Developing a killer PR brief
Updated: Mar 24, 2019
As many agencies, and indeed freelancers, are becoming increasingly discerning about the pitches they respond to or take part in, developing your brief is key to attracting the best.
Pitches are expensive business for both agencies and freelancers. They take time and money to pull together and without a good brief, potential clients can often find they are not in a position at the end of the exercise to compare apples with apples.
Firstly, do your research. Do you want to work with an agency? If so, what sort – local, sector specific, one offering particular services or a full-service agency. Do you need an agency? Would a PR freelancer work for you? How do you want to work with them? What is your budget? We recommend you come up with a final pitch list of a maximum of four alternatives.
Prepare your business colleagues! Get everyone who needs to be involved, to ensure you can pull together the most detailed brief you can. You may need to involve your commercial or finance teams. At the very least get as many of the people who need to be involved to buy into the process.
Prepare your brief: Please feel free to download our PR Brief Checklist. If you prefer to write your own, make sure you include:
Your business objectives
Where your business or brand is now
Where you want it to be
Key audiences and any information you have gained on these already
Key competitors (direct and indirect)
Considerations that need to be taken into account (timescales, approval process, sensitivities, sector regulations)
Any background information you can think of, including any relevant market research
Everyone hates stating their budget. However, if you do not give an indication, how can those trying to help you do so? They will be wasting time suggesting campaigns you cannot afford and you will be wasting your time by listening to them all! You should not be trying to catch an agency out or trying to grab a bargain – you are looking for someone you can trust and who can trust you, to work with on a long-term basis. At the very least, please give us a range!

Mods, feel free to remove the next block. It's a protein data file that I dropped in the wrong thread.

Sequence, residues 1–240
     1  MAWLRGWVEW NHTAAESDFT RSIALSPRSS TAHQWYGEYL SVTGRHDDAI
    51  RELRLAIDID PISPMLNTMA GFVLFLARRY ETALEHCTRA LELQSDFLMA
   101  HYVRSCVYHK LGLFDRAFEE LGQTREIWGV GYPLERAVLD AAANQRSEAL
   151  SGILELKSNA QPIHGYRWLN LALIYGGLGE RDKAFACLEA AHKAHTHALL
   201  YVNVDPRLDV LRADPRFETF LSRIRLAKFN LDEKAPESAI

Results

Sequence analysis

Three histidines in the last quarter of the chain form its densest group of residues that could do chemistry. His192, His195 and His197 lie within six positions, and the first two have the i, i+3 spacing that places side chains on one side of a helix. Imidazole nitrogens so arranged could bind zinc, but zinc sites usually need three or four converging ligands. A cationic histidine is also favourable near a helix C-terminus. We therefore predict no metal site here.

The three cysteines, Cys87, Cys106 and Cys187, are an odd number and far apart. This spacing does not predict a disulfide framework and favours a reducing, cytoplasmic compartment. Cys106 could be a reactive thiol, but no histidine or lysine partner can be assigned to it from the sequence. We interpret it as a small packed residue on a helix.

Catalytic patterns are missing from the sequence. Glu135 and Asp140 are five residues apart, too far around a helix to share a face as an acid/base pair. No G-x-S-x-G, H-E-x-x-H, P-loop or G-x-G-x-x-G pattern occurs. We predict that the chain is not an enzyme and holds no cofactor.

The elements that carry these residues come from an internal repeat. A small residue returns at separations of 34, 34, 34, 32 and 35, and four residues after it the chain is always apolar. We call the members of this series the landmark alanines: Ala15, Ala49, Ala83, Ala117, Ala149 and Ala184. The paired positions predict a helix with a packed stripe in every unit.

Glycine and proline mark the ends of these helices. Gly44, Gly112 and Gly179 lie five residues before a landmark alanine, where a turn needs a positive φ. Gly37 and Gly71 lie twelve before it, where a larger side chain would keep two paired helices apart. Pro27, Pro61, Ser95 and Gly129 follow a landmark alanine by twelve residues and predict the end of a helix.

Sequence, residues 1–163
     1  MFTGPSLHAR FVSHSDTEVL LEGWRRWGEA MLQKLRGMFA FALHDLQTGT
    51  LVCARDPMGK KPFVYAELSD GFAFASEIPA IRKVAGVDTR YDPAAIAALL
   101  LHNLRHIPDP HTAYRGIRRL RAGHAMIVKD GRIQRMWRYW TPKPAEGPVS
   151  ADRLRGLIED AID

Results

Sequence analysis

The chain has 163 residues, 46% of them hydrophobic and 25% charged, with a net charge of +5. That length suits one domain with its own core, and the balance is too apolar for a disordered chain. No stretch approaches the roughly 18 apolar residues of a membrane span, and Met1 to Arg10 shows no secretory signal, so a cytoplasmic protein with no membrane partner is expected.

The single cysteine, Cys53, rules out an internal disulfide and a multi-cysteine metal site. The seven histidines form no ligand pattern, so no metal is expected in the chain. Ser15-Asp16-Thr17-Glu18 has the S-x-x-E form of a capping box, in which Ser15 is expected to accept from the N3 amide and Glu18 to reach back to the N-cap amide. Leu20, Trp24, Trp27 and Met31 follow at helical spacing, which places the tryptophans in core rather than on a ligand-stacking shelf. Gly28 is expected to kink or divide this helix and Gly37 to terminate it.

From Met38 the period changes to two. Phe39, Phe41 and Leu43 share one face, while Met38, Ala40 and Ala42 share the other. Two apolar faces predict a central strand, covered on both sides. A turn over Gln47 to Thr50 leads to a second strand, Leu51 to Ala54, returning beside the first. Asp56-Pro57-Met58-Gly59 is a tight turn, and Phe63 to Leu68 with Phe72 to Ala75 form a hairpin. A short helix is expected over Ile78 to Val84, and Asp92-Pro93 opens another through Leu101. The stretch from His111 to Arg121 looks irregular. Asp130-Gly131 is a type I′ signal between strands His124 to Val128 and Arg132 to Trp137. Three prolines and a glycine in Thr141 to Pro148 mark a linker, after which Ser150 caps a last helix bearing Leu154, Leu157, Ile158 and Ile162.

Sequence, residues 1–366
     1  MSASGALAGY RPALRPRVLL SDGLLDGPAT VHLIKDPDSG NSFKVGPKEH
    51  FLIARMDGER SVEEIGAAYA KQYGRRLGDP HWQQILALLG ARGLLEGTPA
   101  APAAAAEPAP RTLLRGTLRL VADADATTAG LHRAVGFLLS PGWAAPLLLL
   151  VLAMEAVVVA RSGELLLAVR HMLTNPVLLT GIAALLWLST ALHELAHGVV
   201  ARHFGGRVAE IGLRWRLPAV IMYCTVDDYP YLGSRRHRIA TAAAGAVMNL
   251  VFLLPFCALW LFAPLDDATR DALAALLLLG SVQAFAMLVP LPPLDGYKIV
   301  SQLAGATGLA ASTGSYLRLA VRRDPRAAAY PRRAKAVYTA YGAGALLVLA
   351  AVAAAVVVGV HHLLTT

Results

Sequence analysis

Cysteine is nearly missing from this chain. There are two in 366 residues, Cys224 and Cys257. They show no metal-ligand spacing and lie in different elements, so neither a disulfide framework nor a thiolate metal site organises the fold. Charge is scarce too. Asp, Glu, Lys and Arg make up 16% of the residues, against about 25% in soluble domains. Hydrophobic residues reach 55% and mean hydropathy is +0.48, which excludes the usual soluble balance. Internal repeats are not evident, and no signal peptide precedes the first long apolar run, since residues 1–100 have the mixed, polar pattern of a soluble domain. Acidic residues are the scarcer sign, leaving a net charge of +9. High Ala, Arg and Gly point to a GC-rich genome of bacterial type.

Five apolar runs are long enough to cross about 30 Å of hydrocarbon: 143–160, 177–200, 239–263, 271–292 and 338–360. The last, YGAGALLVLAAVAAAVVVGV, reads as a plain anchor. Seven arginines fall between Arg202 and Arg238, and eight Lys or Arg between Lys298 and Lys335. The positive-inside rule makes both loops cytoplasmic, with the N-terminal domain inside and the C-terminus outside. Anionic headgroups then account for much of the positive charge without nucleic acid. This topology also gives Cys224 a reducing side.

Give your intended freelancers or agencies time to develop their proposal. Two or three weeks is usually enough. If a freelancer or agency is proactive and wants to ask questions or meet with you before the pitch, it is OK to respond to them. Just make it fair by letting the others pitching know. If you do answer questions, make sure you answer them correctly and honestly as the pitch you get back will depend on the information you give out.
Understand what success looks like: Measuring success is always important and your new PR specialist should work with you to agree how they will demonstrate the success of the campaigns to you. Develop some Key Performance Indicators (KPIs) and decide how the metrics for success will be identified and worked towards. One may be press coverage. Clippings can be gathered and presented in reports that include the quantity, quality and impact of the message on audiences. Part of your project is likely to have digital elements, so ensure social media and website traffic can be tracked and monitored for changes through analytical software such as Google Analytics. This allows you to clearly see if there have been any spikes in sales, bookings or newsletter sign-ups as a direct result of positive media coverage.
Start to research where you really want to be seen. Research what your audiences are reading. Make a wish list of the magazines, newspapers and websites that you want your brand stories to be featured in, and discuss how to approach this with your PR specialist
This is also a good time to think about appointing an internal media-savvy spokesperson as the ‘face’ of the business or brand, and perhaps a couple of ‘go-to’ experts for particular topics you want to cover.
This will help your PR specialist immensely as they are able to offer journalists a confident and relevant spokesperson.
Once the pitch is over and you have chosen your new PR specialist partner, it is really kind and helpful to the losing people to provide some honest feedback.